"Republicans cheer Holder resignation" is as dog-bites-man as stories come. Republicans had been demanding Holder's resignation ever since the early days of the investigation into Fast and Furious, the gun-running sting that was not actually Holder's idea. Seriously: Three whole years ago, The Daily Caller was asking Republicans whether they wanted Holder to resign. Almost all of them said "aye." It got so heated that Holder was photographed wagging his finger at TheDC's Neil Munro, telling his site to "stop this" totally non-"organic" campaign to make him look like he going to resign in disgrace.
They didn't get the disgrace, but Republicans got the resignation. Across Twitter, across the busy election-time press release shops, I count at least 10 kinds of Holder touchdown dances.
3. Snark, but more in sorrow than anger. (Note that the sender of this tweet was the first beneficiary of the Chamber of Commerce's 2013/2014 campaign to stop the GOP from nominating wild-eyed loser candidates.)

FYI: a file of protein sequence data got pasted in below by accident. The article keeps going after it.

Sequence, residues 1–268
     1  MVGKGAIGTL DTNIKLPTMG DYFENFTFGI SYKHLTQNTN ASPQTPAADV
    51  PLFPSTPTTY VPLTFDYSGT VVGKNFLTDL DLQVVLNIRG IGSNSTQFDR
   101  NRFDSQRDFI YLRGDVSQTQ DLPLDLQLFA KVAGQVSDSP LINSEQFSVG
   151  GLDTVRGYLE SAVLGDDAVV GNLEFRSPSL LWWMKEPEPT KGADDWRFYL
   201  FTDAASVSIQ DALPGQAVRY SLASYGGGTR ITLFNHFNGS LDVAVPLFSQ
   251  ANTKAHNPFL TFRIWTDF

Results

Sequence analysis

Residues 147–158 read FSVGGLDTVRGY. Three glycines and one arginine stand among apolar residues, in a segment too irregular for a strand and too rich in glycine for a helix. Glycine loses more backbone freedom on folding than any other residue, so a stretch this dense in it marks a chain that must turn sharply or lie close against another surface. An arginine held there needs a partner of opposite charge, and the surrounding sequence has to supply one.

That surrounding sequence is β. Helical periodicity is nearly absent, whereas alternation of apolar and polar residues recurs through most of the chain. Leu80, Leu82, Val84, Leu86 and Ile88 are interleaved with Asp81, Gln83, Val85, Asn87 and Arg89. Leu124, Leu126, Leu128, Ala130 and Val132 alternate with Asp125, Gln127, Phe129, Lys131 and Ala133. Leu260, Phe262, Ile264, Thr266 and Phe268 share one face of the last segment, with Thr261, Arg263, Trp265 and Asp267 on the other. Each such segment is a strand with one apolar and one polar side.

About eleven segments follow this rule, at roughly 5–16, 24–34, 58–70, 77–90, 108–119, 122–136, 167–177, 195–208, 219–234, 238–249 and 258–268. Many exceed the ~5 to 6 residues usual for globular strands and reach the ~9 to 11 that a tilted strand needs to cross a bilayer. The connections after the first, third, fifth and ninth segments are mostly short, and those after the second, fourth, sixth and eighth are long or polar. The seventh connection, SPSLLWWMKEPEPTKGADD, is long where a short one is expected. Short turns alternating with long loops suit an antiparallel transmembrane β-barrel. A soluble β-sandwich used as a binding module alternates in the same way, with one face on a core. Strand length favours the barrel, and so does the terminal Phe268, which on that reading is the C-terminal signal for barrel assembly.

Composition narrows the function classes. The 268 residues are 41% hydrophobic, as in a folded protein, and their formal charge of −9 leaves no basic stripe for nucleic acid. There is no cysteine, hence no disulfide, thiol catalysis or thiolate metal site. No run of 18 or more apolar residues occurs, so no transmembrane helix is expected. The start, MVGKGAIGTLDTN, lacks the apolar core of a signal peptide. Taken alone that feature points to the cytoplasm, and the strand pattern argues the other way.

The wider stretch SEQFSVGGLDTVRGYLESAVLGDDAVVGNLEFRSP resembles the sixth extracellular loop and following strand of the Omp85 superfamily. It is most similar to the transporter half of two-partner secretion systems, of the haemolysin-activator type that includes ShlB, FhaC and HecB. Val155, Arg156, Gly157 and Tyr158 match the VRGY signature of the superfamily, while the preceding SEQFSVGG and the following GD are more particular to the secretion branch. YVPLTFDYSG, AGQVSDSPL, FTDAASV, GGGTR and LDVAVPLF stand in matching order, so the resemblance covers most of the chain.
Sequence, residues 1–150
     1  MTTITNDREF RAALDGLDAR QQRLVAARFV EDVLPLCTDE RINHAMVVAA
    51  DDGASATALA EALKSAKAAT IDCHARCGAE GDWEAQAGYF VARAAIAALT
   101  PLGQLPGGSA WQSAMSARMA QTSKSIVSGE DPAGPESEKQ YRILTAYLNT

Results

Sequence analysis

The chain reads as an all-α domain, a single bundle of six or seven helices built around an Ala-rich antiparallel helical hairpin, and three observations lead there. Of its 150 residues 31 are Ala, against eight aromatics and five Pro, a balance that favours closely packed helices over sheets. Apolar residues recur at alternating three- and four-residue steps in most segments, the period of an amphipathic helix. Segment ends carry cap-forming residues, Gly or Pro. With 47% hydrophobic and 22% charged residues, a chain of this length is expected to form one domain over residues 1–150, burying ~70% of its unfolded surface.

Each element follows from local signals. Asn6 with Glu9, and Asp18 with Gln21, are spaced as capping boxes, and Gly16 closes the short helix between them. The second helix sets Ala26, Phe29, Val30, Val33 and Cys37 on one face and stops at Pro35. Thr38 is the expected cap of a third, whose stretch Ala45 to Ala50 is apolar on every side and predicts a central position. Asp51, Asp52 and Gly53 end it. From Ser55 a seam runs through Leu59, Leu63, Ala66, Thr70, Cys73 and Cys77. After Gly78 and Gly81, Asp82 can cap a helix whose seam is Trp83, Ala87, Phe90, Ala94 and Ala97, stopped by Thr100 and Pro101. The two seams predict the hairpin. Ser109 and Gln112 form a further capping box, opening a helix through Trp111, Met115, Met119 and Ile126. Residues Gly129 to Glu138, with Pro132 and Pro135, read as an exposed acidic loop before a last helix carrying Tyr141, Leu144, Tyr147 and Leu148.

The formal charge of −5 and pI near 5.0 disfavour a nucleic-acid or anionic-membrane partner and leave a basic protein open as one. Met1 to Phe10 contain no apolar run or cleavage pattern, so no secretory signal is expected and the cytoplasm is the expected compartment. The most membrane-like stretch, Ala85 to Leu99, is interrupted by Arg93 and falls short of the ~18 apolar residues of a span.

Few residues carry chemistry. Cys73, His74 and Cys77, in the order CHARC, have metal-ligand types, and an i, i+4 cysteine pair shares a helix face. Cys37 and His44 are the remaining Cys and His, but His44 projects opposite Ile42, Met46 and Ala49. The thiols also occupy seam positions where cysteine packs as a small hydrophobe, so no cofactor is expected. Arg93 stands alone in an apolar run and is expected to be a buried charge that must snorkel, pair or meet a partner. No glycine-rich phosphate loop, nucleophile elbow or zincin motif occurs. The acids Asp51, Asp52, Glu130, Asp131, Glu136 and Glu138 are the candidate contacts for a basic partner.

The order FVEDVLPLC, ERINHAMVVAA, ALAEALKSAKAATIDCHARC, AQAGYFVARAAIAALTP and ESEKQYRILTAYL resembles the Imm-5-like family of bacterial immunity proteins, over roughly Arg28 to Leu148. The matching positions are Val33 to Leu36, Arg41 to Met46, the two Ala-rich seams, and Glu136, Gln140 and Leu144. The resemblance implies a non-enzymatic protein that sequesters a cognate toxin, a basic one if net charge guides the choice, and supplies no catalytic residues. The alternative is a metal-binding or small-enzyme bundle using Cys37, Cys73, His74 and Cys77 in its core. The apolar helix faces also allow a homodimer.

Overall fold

4. White-hot outrage that is too hot for commas.
6. Misplaced optimism.
7. Remembering the time you totally nailed that guy.
8. Forgetting the Civil War.
9. Reminding people that the contempt vote was really very popular at the time.
10. Building up your campaign e-mail list.
Cornyn's campaign link calls Holder the man "responsible for Fast and Furious," which is not what the DOJ's IG called him. Did the campaign miss a step? Not at all. You might not have noticed it, unless you read conservative media, but it's been just a month or so since an Obama appointee to the D.C. circuit asked the White House to turn over a log of documents related to the scandal.